Minnesota’s Medicaid rolls have soared past the 1 million mark for the first time, driven by two years of explosive growth in government insurance programs in the wake of federal health reform.
The enrollment surge — one of the largest in the country and the biggest for the state in 35 years — helped push Minnesota’s uninsured rate down to about 5 percent and has enabled more low-income families to receive regular medical care, doctors say.
But it also means that Medicaid and its sister program, MinnesotaCare for the working poor, now rank among the state’s largest health insurers, which could place long-run strains on the state budget. Fully one in five Minnesotans now receive health insurance from public programs, up from one in 10 just five years ago.
While unprecedented, the spurt was not unexpected after the administration of Gov. Mark Dayton made an ambitious push to cover more of Minnesota’s uninsured population.
“Our growth has been very much on target, especially given all the changes in the health care market,” said Human Services Commissioner Lucinda Jesson. “That is really good for the state.”
The ground was set for an enrollment surge two years ago, when Dayton made Minnesota one of 33 states that opted to expand Medicaid eligibility under the Affordable Care Act of 2010. Along with a streamlined application, state officials pushed to enroll large numbers of people who were eligible for public coverage but had not enrolled.
But that rapid growth troubles some state leaders, given that health care now consumes roughly a fifth of the state budget.
“Medicaid is eating 50 state budgets right now,” said Rep. Matt Dean, R-Dellwood, chairman of the House Health and Human Services Finance Committee. “We are looking at $10 billion of spending [counting federal and state payments]. It is an incredible growth and it is also affecting the other areas of our budget.”
While Medicaid’s long-term state budget impacts are unknown, the short-term consequences appear to be modest. For people who became eligible under the Affordable Care Act, the federal government picks up 100 percent of the cost for the first three years, phasing down to 90 percent of the cost by 2020. That means that state spending on Medicaid will not grow as fast as enrollment.
Shift in patients
United Family Medicine, a community clinic in St. Paul, is one of the clinics seeing more patients with health insurance, especially Medicaid. In 2014, it saw a 17 percent increase in the number of visits by patients with Medical Assistance. By contrast, the number of visits by uninsured patients dropped by 11 percent.
“Folks are more likely to show up at the clinic knowing they don’t have a financial obligation,” said chief executive officer Brian Nasi. “When they are self-pay or sliding fee scale, that can be a big hurdle for some.”
The Medicaid program also pays slightly more than the federal reimbursement the clinic receives for treating uninsured patients. Anticipating that health care reforms could drive more patient demand, the clinic hired two additional employees.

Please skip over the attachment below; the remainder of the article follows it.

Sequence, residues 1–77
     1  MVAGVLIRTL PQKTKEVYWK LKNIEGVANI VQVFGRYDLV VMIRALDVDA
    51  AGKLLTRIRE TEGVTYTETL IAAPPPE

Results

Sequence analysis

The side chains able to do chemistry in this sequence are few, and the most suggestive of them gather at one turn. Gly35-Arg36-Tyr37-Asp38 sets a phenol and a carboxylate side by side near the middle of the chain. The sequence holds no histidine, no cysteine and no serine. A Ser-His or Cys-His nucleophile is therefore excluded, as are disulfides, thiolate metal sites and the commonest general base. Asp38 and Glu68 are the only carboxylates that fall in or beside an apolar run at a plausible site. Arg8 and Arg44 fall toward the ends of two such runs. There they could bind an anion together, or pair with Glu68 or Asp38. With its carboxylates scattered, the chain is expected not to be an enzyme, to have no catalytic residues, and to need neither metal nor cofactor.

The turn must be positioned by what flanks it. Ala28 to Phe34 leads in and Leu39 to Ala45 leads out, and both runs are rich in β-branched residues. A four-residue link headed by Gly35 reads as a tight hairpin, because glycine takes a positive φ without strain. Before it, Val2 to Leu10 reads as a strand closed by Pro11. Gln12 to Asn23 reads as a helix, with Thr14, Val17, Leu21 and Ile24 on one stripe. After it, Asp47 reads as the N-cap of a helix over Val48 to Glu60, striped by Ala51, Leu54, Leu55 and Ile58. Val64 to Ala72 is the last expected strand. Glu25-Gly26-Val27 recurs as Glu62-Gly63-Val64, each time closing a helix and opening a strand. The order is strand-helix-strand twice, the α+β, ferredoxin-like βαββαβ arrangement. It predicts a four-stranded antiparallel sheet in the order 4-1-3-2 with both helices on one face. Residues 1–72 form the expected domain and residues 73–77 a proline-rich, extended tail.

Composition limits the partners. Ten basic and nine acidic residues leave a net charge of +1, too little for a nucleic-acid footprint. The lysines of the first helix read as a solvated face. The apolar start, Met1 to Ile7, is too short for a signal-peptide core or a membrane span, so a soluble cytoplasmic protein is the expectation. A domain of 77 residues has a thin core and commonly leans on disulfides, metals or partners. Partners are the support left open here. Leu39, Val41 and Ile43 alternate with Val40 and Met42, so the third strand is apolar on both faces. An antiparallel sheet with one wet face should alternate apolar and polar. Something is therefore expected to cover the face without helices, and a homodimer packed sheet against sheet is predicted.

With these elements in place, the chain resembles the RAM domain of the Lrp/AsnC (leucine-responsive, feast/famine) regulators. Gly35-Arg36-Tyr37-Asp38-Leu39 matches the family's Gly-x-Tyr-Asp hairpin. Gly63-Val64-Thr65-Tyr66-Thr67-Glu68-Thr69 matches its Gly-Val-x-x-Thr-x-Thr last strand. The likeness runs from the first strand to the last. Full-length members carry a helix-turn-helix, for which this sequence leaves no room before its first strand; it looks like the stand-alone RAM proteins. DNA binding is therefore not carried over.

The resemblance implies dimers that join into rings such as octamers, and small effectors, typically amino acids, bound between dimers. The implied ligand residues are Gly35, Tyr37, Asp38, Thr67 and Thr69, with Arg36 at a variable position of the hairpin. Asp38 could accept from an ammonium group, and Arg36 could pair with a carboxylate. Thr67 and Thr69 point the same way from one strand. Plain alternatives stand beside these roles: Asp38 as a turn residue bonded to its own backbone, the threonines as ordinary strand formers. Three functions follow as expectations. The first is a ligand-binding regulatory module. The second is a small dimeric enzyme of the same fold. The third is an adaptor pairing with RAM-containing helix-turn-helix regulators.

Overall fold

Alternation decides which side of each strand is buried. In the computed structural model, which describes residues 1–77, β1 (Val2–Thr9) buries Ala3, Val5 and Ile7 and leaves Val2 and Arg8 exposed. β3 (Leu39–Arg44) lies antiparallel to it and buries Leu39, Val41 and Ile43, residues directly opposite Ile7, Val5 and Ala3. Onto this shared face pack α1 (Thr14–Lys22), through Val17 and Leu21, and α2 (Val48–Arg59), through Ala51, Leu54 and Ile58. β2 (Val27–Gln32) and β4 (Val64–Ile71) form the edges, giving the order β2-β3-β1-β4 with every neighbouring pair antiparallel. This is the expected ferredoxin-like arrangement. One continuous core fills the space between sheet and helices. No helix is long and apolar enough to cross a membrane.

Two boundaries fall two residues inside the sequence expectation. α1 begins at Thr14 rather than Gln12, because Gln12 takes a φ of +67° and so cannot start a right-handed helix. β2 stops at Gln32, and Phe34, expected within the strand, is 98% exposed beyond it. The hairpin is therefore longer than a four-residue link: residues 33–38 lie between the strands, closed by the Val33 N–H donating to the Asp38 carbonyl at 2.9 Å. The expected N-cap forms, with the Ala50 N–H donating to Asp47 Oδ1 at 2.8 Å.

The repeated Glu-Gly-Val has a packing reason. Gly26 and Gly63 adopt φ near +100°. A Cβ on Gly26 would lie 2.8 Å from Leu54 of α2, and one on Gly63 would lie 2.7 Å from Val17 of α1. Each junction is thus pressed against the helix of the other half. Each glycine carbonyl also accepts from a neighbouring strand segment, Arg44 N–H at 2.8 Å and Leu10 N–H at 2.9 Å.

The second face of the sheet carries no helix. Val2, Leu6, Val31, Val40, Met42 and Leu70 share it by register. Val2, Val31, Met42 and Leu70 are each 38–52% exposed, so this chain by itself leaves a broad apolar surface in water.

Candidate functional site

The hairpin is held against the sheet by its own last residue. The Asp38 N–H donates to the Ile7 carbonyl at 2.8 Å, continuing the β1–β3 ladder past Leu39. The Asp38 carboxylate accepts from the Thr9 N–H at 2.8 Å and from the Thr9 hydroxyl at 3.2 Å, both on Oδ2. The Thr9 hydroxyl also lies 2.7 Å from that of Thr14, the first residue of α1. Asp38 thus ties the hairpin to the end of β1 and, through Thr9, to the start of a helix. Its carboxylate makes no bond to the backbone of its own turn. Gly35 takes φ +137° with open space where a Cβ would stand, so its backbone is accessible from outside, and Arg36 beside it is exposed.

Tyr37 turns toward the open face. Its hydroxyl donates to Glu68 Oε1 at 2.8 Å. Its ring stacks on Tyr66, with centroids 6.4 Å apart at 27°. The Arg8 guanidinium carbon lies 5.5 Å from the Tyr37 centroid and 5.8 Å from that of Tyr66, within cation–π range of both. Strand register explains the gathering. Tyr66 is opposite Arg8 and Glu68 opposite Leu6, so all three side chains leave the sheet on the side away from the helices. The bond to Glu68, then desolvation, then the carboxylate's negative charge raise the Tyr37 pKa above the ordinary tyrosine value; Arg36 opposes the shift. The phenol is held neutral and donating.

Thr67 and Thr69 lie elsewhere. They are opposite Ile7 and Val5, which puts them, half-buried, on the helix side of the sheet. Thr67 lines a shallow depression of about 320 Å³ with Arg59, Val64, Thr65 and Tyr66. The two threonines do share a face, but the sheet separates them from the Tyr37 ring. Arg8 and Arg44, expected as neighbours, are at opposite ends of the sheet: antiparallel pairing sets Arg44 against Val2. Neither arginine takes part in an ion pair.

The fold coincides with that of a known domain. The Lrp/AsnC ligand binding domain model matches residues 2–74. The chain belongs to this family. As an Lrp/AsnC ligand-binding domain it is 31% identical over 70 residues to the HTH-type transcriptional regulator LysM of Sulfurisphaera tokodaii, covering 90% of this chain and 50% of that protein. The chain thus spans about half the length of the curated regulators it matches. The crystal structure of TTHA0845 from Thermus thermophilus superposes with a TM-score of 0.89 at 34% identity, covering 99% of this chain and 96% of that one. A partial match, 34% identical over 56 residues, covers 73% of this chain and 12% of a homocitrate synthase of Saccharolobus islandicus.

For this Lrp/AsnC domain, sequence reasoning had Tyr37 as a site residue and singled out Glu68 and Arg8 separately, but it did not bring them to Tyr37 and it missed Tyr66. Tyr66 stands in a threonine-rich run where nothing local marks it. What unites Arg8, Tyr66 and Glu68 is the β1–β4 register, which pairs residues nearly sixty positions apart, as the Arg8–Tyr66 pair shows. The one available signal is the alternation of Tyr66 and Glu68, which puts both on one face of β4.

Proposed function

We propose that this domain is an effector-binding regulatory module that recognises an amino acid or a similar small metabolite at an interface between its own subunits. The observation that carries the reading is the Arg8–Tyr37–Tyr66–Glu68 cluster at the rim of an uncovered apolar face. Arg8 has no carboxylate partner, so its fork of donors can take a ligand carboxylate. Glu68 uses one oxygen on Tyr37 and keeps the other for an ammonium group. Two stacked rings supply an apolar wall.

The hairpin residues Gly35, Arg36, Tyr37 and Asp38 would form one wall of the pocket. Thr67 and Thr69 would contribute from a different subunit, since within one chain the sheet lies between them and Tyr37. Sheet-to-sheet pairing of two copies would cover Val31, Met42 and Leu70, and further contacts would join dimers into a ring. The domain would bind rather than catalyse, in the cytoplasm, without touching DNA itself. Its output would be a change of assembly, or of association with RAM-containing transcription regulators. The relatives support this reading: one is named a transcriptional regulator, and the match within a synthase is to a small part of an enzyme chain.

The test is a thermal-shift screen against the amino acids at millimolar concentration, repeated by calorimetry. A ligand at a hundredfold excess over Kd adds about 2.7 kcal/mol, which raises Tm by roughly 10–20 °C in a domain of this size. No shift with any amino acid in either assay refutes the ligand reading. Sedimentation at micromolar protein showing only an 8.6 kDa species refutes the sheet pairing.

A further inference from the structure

United Family was one of dozens of “navigator” organizations hired by MNsure, the state’s online health marketplace, to help uninsured people enroll.
“We were anticipating a jump in demand in the first part of 2014,” Nasi said. “To some extent that didn’t happen because of some of the challenges that MNsure had rolling out.”
Once MNsure worked out its website glitches, the enrollments began growing and the clinic began seeing more patients with insurance.
Although the statewide pool of uninsured patients has shrunk, the clinic is still helping people sign up through its outreach efforts at about 15 community locations.
Despite the improving state economy, Jesson said she is not surprised that public program enrollments are growing.
“A lot of people are still in relatively low-paying jobs,” Jesson said. “A number of them are eligible for the MinnesotaCare program.”
MinnesotaCare covers people who are not poor enough to qualify for Medicaid, but it also requires enrollees to pay some premiums and co-payments. The future of the program, which began in 1992, is in doubt after the Minnesota House voted this year for its elimination. As part of a legislative budget compromise this spring, MinnesotaCare remains, but its future, along with that of MNsure, will be studied this year by a 29-member task force.
Gains will slow
Although overall growth in health care spending has slowed sharply in recent years, locally and nationally, it still plays a sizable role in Minnesota’s budget.
In 2015, total Medicaid spending is projected to be $10.6 billion, with the state paying $4.2 billion, up 9 percent from 2013. More than half of Medicaid spending — 58 percent — goes toward long-term care of the elderly and the disabled, even though they make up 17 percent of enrollment.
Human Services officials forecast smaller Medicaid enrollment gains in the future, with a projected 3.6 percent increase in the 2016 fiscal year, then 1 percent per year for the following three years.